“Some remarks on the nineteenth fargard of the Vīdēvdāt,” Rocznik Orientalistyczny XVII, 1953, Memorial Book of Tadeusz Kowalski, pp. 281-89.
“L’épopée iranienne après Firdōsī,” La Nouvelle Clio V, 1953, pp. 377-93.
“Le partage du monde dans la tradition iranienne. Note complémentaire,” JA 241/2, 1953, PP. 271-73.
“Compte rendu de Sven S. Hartman, Gayōmart. Étude sur le syncrétisme dans l’ancien Iran,” RHR 146/2, 1954, PP. 228-31.
“La version persane du Traité des dix principes de Najm al-Dīn Kobrā par ʿAli b. Shihāb al-Dīn Hamadāni,” FIZ VI, 1958, pp. 38-66.
“Naqšbandiyāt I: Quelques traités naqshbandis,” FIZ VI, 1958, pp. 273-84.
“Naqšbandiyāt II,” FIZ VIII, 1960, pp. 72-132.
“Naqšbandiyāt III,” FIZ VIII, 1960, pp. 133-34.
“Un Traité de ʿAlā’ Al-Dawla Simnānī sur ʿAlī B. Abī Ṭālib,” Bulletin d’études orientales 16, 1958-1960, pp. 61-99.
“Un ascétisme moral dans les livres pehlevis,” RHR 155/1, 1959, PP. 145-90.
“La naissance du monde dans l’Iran préislamique,” Sources Orientales I: la naissance du monde, Paris, 1959, pp. 299-328.
“La guerre des Géants selon le Sūtkar nask,” Indo-Iranian Journal 3, 1959, pp. 282-305.
“Autour du Daré Mansour: L’apprentissage mystique de Bahā’ al-Dīn Naqshband,” Revue des Études Islamiques, 1959, pp. 35-66.
“Le problème zurvanite,” JA 247, 1959, PP. 431-69.
“Deux notes sur le Rāmāyaṇa,” Hommages à Georges Dumézil, Bruxelles, 1960, pp. 140-50.
“Daēnā, le pont Činvat et l’initiation dans le Mazdéisme,” RHR 157, 1960, PP. 155-85.
“Kubrawiyāt, II: ʿAli b. Ṣihābeddīn-i Hamadānī’nin: Risāla-i Futuwwatiya’si,” Ṣarkiyet Mecmuasi 4, 1961, pp. 33-72.
“Le problème des sects zoroastriennes dans les livres pehlevis,” Oriens XIII-XIV, 1960-61, pp. 1-28.
“La lune en Iran ancien,” Sources Orientales V: La lune. Mythes et Rites, 1962, pp. 219-29.
“Temps et sacrifice dans la religion zoroastrienne,” Bulletin de la Société Ernest Renan, NS X, 1961, pp. 124-26.
“Les Kubrawiya entre sunnisme et shiisme aux huitième et neuvième siècles de l’hégire,” Revue des Études Islamiques XXIX, 1961, pp. 61-142.
“Professions de foi de deux Kubrawis: ʿAli-I Hamadānī et Muḥammad Nūrbaẖš,” Bulletin d’Études Orientales de l’Institut français de Damas 17, 1961-1962, pp.133-203.
Aziz al-Din Nasafī, Kitāb al-Ensān al-Kāmel, ed. M. Molé as Le Livre de l’Homme Parfait. Recueil de traités de soufisme en persan publiés avec une introduction, Bibliothèque Iranienne XI, Tehran and Paris, 1962.
“Une histoire du mazdéisme est-elle possible? –Notes et remarques en marge d’un ouvrage récent (second article),” RHR 162/2, 1962a, PP. 161-218.
“Yasna 45 et la cosmogonie mazdéenne,” ZDMG 112/2, 1962b, PP. 345-52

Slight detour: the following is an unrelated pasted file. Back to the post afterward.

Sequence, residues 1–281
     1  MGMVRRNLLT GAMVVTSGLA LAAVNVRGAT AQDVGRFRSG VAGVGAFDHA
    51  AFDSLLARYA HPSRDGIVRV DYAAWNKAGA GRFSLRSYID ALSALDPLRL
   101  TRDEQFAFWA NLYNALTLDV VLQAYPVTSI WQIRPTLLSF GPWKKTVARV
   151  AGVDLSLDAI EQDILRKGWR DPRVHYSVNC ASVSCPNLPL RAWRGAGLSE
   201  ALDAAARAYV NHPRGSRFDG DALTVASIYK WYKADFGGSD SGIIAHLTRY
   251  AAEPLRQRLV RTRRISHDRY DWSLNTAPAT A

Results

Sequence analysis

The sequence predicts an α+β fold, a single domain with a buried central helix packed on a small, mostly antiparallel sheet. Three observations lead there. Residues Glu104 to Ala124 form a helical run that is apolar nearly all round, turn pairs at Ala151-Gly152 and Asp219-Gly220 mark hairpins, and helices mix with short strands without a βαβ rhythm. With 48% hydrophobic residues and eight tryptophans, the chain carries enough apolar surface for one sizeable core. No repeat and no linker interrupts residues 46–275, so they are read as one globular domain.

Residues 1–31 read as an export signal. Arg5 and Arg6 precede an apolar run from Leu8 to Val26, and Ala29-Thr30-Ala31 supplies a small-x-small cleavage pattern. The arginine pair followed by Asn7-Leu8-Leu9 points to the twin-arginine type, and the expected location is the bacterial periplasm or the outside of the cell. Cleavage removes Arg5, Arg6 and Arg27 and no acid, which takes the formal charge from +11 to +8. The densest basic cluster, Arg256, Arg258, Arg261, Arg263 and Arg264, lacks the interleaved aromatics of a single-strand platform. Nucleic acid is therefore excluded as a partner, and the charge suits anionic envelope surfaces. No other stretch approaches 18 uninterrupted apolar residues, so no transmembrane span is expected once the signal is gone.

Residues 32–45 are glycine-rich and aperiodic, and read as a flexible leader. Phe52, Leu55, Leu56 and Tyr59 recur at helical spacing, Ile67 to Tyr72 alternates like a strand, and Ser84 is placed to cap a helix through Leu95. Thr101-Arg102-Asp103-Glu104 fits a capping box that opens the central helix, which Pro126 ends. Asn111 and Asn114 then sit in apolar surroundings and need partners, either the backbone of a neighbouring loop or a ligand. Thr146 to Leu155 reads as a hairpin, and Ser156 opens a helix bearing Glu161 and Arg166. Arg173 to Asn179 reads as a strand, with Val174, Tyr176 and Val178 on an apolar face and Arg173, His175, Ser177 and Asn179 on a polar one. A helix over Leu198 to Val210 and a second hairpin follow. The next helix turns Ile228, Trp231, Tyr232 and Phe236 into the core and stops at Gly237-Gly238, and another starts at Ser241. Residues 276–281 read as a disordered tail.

Culte, mythe et cosmologie dans l’Iran ancient: le problème zoroastrien et la tradition mazdénne, Paris, 1963 (reviewed by J. Duchesne-Guillemin, RHR 169/1, 1966, p. 69; Idem, Oriens 18, 1967, p. 472).
“Entre le mazdéisme et l’islam: la bonne et la mauvaise religion,” Mélanges d’orientalisme offerts à Henri Massé à l’occasion de son 75ème anniversaire, Tehran, 1963, pp. 303-16.
Le Problème zoroastrien et la tradition mazdéenne, Paris, 1963.
L’Iran ancien, Paris, 1965.
Les mystiques musulmans, Paris, 1965 (reviewed by G. Vajda, RHR 170/1, 1966, p. 99; Marie-Claire Lambrechts-Bates, Review Philosophique de Louvain, 73, 1975, p. 584).
La légende de Zoroastre selon les texts pehlevis, Paris, 1967.
“Deux notes sur le Rāmāyaṇa,” Hommages à Georges Dumézil, Bruxelles 1969, pp. 140‑150.
Other works cited.
Gh. Gnoli, Review “Marijan Molé, Culte, mythe et cosmologie dans l’Iran ancient,” Rivista degli studi orientali 40/4, 1965, pp. 334-43.
Idem, Zoroaster’s Time and Homeland: A Study on the Origins of Mazdeism and Related Problems, Naples, 1980.
S. Shaked, “The Myth of Zurvan: Cosmogony and Eschatology,” in I. Gruenwald, S. Shaked, and G. G. Stroumsa, eds., Messiah and Christos: Studies in the Jewish Origins of Christianity, presented to David Flusser (Texte und Studien zum antiken Judentum 32), Tübingen 1992, pp. 219-40.
Idem, Dualism in Transformation. Varieties of Religion in Sasanian Iran, London, 1994.
D. Shayegan, “Henry Corbin,” EIr, VI, New York, 2002, pp. 268-72.
Originally Published: January 29, 2018
Last Updated: January 29, 2018Cite this entry:
Philippe Gignoux, “MOLÉ, MARIJAN ,” Encyclopædia Iranica, online edition, 2018, available at http://www.iranicaonline.org/articles/mole-marijan (accessed on 29 January 2018).